Table of Contents
- 1 AMD Ryzen 4000 PRO
- 2 ThinkPad X13 at a glance
- 3 ThinkPad X13 design and features
- 4 ThinkPad X13 display
- 5 ThinkPad X13 performance and battery
- 6 Should you buy the ThinkPad X13?
- 7 Who it’s for
- 8 Who it isn’t for
- 9 AMD Ryzen 4000 Pro
The new first-generation ThinkPad X13 looks a whole lot like the other ThinkPads, but it’s packing AMD Ryzen 4000 PRO processors for a big performance boost.
The Lenovo ThinkPad X lineup — not to be confused with the high-end ThinkPad X1 lineup that includes the X1 Carbon, X1 Extreme, and X1 Yoga — is meant to appeal to those who want a thin and light business laptop with extra security features and coveted ThinkPad durability. X-series laptops, which include standard and Yoga versions of the ThinkPad X390, ThinkPad X395, and ThinkPad X13 (which I’m reviewing here), are a lot closer to Lenovo’s T-series devices than the expensive X1 line. The X13 starts at an affordable price, it’s sized to travel, and it’s packing hardware cut out for productivity work. I’ve been using a ThinkPad X13 with AMD Ryzen 4000 PRO CPU for about a week to see what it’s all about and, ultimately, whether or not it’s worth a buy.
AMD Ryzen 4000 PRO
Lenovo ThinkPad X13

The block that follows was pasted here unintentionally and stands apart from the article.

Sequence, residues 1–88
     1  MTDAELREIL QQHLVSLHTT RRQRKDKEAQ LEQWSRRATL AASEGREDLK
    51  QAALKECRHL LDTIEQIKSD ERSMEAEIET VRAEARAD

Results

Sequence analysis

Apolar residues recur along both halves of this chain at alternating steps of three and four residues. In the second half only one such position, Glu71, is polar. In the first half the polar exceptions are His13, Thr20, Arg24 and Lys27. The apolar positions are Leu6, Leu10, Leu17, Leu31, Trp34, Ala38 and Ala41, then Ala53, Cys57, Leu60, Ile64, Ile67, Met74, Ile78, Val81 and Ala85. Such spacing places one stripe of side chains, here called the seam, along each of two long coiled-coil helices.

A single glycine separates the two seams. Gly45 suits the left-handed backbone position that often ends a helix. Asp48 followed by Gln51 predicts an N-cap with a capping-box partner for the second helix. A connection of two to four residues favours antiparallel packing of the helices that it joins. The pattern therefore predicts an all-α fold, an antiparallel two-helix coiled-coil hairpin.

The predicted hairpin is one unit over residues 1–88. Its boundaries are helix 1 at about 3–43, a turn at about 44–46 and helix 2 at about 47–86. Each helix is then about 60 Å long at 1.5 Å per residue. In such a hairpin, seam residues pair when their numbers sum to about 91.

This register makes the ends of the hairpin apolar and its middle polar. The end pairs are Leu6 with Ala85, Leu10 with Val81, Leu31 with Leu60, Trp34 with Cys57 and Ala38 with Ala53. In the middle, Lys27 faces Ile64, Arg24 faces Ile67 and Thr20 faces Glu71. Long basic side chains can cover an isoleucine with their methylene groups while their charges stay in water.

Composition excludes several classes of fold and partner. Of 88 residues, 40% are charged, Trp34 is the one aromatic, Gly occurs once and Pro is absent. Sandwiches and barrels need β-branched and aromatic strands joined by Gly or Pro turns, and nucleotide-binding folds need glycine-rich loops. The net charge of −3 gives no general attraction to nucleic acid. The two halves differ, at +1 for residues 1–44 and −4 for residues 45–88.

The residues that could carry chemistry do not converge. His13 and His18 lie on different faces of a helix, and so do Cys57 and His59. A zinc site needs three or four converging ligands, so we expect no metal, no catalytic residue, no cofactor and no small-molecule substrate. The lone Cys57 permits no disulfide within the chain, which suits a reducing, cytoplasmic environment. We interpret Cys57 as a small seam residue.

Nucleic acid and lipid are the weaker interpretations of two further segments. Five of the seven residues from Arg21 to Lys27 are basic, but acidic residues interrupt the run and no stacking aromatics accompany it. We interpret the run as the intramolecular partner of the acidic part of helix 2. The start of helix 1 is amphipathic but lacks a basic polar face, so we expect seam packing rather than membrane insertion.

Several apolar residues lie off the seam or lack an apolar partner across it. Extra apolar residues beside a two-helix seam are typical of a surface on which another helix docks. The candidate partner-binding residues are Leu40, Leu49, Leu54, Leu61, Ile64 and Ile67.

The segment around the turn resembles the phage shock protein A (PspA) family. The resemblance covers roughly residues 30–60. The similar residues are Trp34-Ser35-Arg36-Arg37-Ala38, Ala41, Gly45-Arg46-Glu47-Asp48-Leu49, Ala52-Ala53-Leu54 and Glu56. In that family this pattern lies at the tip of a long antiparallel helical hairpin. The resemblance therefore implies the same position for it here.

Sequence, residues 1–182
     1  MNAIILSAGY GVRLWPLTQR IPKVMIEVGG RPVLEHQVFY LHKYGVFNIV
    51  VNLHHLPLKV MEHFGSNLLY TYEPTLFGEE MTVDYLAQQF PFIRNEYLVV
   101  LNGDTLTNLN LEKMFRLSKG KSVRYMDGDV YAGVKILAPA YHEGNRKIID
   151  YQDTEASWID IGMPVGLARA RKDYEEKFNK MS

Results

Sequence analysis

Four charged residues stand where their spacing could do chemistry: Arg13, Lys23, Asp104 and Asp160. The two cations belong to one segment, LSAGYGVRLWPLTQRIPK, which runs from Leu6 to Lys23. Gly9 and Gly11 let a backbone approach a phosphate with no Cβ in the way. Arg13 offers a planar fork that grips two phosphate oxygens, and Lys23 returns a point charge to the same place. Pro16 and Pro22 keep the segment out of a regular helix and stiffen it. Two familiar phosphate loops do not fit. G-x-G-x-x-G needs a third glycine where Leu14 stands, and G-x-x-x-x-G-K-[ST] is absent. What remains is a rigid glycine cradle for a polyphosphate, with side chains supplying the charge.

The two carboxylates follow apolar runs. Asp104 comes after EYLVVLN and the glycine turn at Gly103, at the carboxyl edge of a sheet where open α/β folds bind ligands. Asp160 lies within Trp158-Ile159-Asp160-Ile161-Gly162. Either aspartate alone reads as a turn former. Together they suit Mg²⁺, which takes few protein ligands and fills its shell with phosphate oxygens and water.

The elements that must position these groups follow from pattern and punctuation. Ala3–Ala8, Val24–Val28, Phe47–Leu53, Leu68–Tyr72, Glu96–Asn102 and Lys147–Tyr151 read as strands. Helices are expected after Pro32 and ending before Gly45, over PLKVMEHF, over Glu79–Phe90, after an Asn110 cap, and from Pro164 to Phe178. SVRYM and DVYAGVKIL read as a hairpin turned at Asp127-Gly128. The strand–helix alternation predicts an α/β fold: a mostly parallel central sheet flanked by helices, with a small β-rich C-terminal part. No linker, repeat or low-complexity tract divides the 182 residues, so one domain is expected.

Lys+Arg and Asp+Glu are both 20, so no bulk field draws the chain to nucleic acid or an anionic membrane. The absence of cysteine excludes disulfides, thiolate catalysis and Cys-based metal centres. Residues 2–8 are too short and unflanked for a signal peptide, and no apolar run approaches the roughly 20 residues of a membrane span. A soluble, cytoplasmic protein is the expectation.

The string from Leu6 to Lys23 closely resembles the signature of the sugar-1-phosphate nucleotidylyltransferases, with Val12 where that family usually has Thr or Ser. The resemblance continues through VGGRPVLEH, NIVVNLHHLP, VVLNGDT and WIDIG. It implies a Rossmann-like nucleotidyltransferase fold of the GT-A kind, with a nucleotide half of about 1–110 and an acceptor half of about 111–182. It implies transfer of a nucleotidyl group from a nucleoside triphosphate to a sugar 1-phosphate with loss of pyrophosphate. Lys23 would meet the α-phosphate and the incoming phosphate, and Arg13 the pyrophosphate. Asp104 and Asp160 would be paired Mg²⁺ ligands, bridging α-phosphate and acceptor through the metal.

Bottom line: The first-gen ThinkPad X13 doesn’t really offer anything new, but it does bring outstanding performance from AMD Ryzen 4000 PRO CPUs. If you value performance, typing comfort, and durability over all else, this should make for a tempting 13-inch laptop that starts at well less than $1,000.
- Starts at a low price
- AMD Ryzen 4000 PRO brings the power
- Excellent keyboard
- Lots of ports
- Wi-Fi 6 and optional LTE connectivity
- Poor audio
- Stale design
- No Thunderbolt 3
- Battery life could be better
From $684 at Lenovo
$1,240 at Amazon
$1,169 at Best Buy
- At a glance
- Design and features
- Performance and battery
- Should you buy?
ThinkPad X13 at a glance
Lenovo supplied Windows Central with a review unit of the first-gen ThinkPad X13. It’s packing an AMD Ryzen 5 PRO 4650U processor (CPU), 8GB of DDR4 RAM that is soldered to the board, a 256GB M.2 PCIe NVMe solid-state drive (SSD) that can be upgraded after purchase, and integrated AMD Radeon Vega 6 graphics. The 13.3-inch display is touch-enabled. Altogether, this exact model costs about $975 after applying Lenovo’s instant coupon savings. Otherwise, it retails for about $1,624.
Baseline models go as low as a Ryzen 3 PRO 4450U CPU, 8GB of RAM, 128GB SSD, and 13.3-inch non-touch HD display, starting at around $684. This is best reserved for bulk enterprise buys; if you’re buying for yourself, at least go with the FHD resolution.